Remember the twofer salvage project I showed you last September?
We started the project the week before Christmas.
We decided to take down the Pin Oak Cottage first.
But, before we got started with the house, we decided to demo the old garage between the two houses.
It was in such rickety, bad structural condition that we decided to just pull it down, using wire rope. One tug just about did the trick.
The second tug brought it all the way down.
We salvaged most of the tin, but most of the wood too short or too poor in quality to save.
Next on the agenda? We removed and donated all of the dorm room furniture, then we started demo’ing all of the interior finishes, including the sheetrock, plywood, insulation, and the kitchen cabinets. We also removed doors and windows.
This is what the interior of the house looked like after that most of the interior finishes had been removed.
During this process, we discovered that the prior owner had relocated many of the interior walls and some were not adequately structurally supported.
Normally at this point in any house demo, we would continue removing all interior finish wood (like the ceiling boards). However, because this wall relocation discovery led us to believe that the house was not as structurally sound as it could have been, we decided to start deconstructing the house from the top down.
This decision was even more sound when we saw that the old roof had at least six layers of old shingles. The original layer of shake shingles was still visible from the attic with about 5 layers of asphalt shingles on top of that!
Six layers of roofing is just absurd, but believe it or not, we see it all the time! Think about how heavy one square of roofing material is, and you’ll realize like we always do that multiple layers is an incredible amount of weight.
Evidence of this overweight problem was discovered in the attic. The few cripples that the prior owner had installed to support the weight of the roof were bowing.
We immediately suited up one crew member with safety gear and he started scraping off the shingles.
While one of our crew concentrated on scraping shingles off the roof, others concentrated on removing the two small porch structures on the back of the house.
After most of the weight from the shingles had been removed, we salvaged some of the old siding.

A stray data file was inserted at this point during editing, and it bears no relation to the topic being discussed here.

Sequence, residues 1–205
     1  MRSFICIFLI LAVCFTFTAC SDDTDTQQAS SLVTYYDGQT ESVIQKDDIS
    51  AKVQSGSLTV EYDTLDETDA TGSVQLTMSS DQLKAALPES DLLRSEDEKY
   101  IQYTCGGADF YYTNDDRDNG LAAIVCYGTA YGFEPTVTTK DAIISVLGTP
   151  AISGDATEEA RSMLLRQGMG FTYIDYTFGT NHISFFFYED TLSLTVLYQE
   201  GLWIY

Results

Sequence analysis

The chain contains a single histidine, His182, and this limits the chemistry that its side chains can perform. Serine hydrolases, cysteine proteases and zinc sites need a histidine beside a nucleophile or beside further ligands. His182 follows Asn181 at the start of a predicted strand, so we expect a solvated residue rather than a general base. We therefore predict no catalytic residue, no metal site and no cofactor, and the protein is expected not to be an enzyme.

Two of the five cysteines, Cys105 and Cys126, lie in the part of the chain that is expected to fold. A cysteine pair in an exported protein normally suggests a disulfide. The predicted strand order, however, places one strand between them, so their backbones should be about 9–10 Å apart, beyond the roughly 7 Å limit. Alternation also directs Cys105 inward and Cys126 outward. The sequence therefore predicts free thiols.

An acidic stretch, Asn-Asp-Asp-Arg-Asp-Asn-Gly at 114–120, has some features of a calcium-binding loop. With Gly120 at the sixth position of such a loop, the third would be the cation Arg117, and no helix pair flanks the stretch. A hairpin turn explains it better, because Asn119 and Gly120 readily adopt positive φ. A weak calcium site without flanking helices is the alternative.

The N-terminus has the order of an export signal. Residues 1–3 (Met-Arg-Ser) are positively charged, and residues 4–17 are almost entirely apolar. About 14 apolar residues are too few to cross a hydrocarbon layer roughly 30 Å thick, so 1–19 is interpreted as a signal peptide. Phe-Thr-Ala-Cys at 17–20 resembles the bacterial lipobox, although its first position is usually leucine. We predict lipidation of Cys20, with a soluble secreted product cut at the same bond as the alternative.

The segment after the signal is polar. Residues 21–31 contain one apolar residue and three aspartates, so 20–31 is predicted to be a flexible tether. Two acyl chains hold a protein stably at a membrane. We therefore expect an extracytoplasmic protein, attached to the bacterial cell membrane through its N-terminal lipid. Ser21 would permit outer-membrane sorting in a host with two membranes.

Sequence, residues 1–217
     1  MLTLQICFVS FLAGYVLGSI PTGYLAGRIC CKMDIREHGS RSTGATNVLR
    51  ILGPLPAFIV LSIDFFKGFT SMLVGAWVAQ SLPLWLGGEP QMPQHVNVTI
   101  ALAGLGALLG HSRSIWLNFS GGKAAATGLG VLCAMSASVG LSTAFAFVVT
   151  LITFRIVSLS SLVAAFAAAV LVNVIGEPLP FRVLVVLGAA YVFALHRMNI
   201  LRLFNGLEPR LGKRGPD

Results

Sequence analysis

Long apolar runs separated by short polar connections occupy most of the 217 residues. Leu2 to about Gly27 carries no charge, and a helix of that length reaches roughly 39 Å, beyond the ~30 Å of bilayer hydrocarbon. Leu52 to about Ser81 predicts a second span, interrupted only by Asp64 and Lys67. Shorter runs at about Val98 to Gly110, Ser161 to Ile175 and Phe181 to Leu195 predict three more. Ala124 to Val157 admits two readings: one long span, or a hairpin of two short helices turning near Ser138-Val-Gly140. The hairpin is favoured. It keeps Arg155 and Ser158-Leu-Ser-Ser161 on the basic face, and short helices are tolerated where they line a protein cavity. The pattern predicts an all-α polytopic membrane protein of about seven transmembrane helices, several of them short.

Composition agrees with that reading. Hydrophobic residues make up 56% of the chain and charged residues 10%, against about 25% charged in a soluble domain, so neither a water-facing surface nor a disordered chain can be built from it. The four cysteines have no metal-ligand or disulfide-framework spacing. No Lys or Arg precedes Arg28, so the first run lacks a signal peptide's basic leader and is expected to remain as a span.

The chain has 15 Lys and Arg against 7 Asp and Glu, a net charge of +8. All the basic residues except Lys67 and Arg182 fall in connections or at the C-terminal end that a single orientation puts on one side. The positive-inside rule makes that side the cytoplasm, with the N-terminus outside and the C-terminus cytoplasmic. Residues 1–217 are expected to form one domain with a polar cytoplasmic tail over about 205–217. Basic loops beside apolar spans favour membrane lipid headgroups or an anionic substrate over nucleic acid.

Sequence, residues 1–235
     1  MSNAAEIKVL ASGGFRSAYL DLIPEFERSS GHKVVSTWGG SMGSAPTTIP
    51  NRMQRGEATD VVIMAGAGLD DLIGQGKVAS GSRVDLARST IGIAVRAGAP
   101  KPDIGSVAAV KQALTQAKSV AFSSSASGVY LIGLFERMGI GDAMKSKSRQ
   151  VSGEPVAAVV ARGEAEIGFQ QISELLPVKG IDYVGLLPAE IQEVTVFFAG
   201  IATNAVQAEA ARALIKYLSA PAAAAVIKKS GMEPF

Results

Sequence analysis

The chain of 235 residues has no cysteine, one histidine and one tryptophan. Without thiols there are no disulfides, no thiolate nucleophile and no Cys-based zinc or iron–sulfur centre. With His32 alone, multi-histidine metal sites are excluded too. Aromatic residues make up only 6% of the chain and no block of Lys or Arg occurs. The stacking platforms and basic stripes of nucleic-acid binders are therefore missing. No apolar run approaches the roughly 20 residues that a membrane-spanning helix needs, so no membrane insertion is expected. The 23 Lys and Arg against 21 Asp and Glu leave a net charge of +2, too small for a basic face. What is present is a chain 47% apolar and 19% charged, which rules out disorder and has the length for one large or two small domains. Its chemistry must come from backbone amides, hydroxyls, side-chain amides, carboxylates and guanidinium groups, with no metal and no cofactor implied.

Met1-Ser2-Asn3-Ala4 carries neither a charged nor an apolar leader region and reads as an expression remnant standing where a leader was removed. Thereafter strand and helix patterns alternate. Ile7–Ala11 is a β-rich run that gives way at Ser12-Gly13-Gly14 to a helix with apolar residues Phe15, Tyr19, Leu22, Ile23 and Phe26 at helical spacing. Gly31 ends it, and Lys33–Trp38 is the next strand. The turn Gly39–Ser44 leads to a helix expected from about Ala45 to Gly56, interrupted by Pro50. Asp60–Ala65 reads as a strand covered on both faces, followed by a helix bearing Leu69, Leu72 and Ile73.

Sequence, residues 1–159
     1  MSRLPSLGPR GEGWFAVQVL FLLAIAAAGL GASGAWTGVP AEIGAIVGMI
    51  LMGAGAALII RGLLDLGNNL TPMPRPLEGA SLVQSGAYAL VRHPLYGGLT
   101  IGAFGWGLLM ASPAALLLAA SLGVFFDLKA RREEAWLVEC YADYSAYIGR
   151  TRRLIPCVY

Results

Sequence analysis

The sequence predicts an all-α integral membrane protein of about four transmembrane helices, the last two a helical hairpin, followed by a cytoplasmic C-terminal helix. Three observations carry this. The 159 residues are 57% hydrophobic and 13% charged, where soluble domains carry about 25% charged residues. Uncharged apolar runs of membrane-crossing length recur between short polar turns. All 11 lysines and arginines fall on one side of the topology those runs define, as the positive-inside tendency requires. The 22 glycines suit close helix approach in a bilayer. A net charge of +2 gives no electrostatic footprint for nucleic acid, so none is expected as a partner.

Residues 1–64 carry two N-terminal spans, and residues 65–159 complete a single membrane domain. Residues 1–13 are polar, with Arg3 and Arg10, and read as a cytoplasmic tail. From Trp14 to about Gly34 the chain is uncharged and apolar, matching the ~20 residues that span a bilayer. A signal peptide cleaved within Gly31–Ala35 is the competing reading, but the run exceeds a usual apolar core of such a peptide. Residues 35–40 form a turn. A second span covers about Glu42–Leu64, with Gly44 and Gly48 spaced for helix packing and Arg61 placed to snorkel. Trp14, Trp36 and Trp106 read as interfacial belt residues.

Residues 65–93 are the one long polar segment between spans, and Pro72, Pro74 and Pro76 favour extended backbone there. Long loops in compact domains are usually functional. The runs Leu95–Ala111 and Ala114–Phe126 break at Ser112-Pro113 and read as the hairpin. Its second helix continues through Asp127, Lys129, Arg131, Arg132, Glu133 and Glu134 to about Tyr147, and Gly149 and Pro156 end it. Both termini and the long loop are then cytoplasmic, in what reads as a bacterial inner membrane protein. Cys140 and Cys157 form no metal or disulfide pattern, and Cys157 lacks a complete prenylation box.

A few days and 3.5 dumpsters later, all of the shingles were off the roof.
We did discover an old remnant of the crate which contained the shake shingles.
I looked up the patent on the U.S. Patent and Trademark Office’s website. The patent issue date was October 26, 1926, so that alone provided good information on the age of the house.
Anyway, once the shingles were gone, it was time to remove the roof rafters. We almost always start out removing the rafters one by one because we can almost always salvage them without damaging them.
For this particular job, many of the roof rafters we salvaged were over 24 feet in length, and we sure wanted to keep them whole if we could.
However, we always get to the point where pulling down the roof is the safest thing to do. This job was no exception.
By the way, you’d be surprised how many people drive by the house at this point of the project and ask, “Are you remodeling the house or tearing it down?”
Then, we pry apart boards that are still attached and bring them to the de-nailing area.
After that process was done, we concentrated on bringing down the wall studs in the house, and some of the ceilings that still remained.
At this point in any project, we have more lumber coming off the house than just one person can efficiently de-nail. Towards the end of last week, 3 of us were de-nailing lumber while John removed the wood from the house. We had a fourth crew member cleaning up the jobsite. We do like to leave a clean and pretty jobsite, not just at the end, but every day.
When we left the job site last week, the house was just a floor, there was no longer any vertical structure left. In other words, the house looked like a big dance floor, and that’s about it.
We should be finished with this half of the project this week.